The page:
Electric Co-ops Are Getting a Solar Boost

a guest post by Ken Whiteside, Director of Business Development at ONTILITY, LLC.

Electric Co-ops Are Getting a Solar Boost

Electric co-op members are an enormous and underdeveloped market for solar. Because they live and have businesses in mostly rural and suburban areas, they have in general ample roof and/or land for PV arrays. And because many members are involved in agricultural operations and other commercial enterprises, they have significant power requirements – certainly more than typical residential customers.

Recognizing this unmet need for renewable energy, the National Rural Utilities Cooperative Finance Corp. (CFC) is launching a pilot program with the Federated Rural Electric Insurance Exchange and the National Renewables Cooperative Organization (NRCO) that should make solar PV generation more economical for electric co-ops and their members.

The program is being developed in the midst of a continuing drop in PV technology costs and the presence of business entities that can take advantage of tax incentives, most notably investment tax credits and accelerated depreciation, which are unavailable to the member-owned co-ops. Taxable third-party solar vendors will be able to take advantage of those incentives.

For this program, NRCO will oversee program management, marketing and legal support, and CFC will provide debt capital for solar projects. Federated has committed up to $6 million as a tax equity investment for the initial solar projects."This collaborative program will provide electric cooperatives with a streamlined process to develop solar energy projects in a more cost-effective way," says CFC CEO Sheldon C. Petersen."Our organizations will be able to provide an electric cooperative interested in developing one or more solar power projects with all of the essential services needed to do so," says NRCO CEO Amadou Fall. "Basic project concepts can be expanded and scaled up depending on the interest of cooperative memberships and as more projects develop."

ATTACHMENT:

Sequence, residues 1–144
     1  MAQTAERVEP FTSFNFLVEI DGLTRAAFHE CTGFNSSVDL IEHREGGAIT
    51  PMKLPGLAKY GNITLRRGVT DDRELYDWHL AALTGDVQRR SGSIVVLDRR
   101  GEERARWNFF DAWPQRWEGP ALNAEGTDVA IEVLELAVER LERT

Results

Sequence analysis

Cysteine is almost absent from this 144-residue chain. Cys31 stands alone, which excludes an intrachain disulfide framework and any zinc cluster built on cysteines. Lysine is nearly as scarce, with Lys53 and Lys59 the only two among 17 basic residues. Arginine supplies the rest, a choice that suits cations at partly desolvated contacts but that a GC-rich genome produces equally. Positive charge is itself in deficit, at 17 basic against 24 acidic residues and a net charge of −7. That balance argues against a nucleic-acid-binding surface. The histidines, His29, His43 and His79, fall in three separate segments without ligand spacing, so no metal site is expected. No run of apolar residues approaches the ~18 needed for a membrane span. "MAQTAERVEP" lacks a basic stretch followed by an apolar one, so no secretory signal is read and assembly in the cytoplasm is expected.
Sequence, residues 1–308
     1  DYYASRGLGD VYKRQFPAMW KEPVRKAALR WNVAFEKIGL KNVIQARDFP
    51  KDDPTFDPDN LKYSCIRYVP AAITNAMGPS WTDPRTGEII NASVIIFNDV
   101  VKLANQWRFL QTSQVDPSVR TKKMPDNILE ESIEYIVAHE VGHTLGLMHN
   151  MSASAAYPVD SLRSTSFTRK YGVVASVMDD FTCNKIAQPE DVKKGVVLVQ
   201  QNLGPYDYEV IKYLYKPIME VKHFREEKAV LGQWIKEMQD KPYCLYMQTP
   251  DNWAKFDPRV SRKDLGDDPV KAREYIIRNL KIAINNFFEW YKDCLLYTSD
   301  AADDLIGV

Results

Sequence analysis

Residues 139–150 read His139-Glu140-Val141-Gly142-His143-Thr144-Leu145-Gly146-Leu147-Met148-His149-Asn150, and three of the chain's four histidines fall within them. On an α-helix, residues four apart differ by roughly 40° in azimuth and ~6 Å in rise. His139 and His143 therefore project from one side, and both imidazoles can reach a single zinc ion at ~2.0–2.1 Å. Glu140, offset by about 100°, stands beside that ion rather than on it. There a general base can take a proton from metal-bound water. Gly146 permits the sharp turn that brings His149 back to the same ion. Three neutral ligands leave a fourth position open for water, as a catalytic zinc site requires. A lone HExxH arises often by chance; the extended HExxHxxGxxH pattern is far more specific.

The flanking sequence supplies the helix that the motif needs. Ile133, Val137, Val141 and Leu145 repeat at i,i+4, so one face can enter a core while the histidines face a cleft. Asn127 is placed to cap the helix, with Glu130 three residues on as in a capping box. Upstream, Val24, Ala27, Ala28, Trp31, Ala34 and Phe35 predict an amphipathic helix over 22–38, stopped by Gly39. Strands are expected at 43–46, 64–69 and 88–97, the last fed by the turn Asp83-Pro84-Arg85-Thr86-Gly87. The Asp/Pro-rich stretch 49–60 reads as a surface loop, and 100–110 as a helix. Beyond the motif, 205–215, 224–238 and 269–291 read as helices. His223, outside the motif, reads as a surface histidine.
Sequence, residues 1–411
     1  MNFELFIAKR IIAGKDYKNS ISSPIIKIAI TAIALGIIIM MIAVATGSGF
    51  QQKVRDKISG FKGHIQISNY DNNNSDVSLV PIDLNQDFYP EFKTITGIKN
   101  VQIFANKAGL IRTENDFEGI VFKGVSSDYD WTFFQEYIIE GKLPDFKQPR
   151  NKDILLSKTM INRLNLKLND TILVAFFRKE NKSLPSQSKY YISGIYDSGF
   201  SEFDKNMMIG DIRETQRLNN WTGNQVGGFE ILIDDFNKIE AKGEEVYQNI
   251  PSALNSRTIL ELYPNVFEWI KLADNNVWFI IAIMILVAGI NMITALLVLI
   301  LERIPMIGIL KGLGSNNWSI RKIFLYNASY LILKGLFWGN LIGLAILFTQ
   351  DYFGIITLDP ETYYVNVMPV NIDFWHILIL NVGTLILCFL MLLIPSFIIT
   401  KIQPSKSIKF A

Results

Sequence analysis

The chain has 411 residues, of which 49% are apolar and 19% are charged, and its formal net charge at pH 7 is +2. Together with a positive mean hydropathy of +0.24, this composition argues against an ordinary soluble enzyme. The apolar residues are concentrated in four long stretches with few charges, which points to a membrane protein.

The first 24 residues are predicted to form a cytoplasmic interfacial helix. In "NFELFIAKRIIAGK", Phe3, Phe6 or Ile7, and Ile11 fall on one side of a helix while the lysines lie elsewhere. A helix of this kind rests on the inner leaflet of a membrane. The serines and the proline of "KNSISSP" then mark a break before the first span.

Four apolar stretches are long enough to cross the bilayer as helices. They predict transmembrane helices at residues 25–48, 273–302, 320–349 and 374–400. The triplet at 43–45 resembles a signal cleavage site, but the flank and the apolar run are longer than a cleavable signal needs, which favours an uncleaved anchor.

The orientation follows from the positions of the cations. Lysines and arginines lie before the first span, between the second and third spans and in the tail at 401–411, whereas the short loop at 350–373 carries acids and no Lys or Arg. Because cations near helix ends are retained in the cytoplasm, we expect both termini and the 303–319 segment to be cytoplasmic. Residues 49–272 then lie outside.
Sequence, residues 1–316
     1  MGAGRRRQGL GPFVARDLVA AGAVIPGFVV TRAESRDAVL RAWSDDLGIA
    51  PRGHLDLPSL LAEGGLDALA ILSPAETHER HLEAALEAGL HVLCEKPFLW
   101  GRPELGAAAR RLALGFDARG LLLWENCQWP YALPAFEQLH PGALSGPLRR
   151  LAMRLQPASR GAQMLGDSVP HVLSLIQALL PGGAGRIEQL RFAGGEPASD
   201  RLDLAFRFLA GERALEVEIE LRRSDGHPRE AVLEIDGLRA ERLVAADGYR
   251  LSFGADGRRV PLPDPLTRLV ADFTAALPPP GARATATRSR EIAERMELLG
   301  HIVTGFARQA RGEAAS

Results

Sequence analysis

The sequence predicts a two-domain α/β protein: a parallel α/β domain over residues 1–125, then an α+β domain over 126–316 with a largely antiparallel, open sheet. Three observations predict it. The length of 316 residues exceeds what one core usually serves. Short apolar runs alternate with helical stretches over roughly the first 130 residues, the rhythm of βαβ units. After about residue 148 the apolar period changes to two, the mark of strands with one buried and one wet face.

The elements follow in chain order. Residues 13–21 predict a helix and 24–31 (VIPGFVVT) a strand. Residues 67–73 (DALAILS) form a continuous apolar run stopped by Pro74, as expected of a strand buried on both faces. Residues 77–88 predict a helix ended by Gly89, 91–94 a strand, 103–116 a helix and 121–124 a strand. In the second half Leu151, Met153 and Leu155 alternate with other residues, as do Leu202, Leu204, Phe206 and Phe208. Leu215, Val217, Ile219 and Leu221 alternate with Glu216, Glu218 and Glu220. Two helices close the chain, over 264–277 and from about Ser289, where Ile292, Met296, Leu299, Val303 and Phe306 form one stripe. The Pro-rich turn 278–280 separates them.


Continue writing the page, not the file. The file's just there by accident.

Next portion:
It has been said consistently for the past two or three years that the solar industry is best promoted by a combination of technological advances, progressive policy-making and innovative financial arrangements. The technology has certainly been doing its part as evidenced by the steady decrease in equipment prices. And progressive policies have been put in place that make possible the development of new financial arrangements. The result, in this case, is the expansion of solar into a previously underserved market.

Ken Whiteside photo Ken Whiteside has been a fan of solar energy for decades. His first hands-on experience was installing solar on off-grid houses around Telluride, Colorado in the 1990’s (summer in the San Juan Mtns. - somebody had to do it). From his home in Austin, Ken writes and works for widespread adoption of solar electricity, smart energy production and use, and sustainability.

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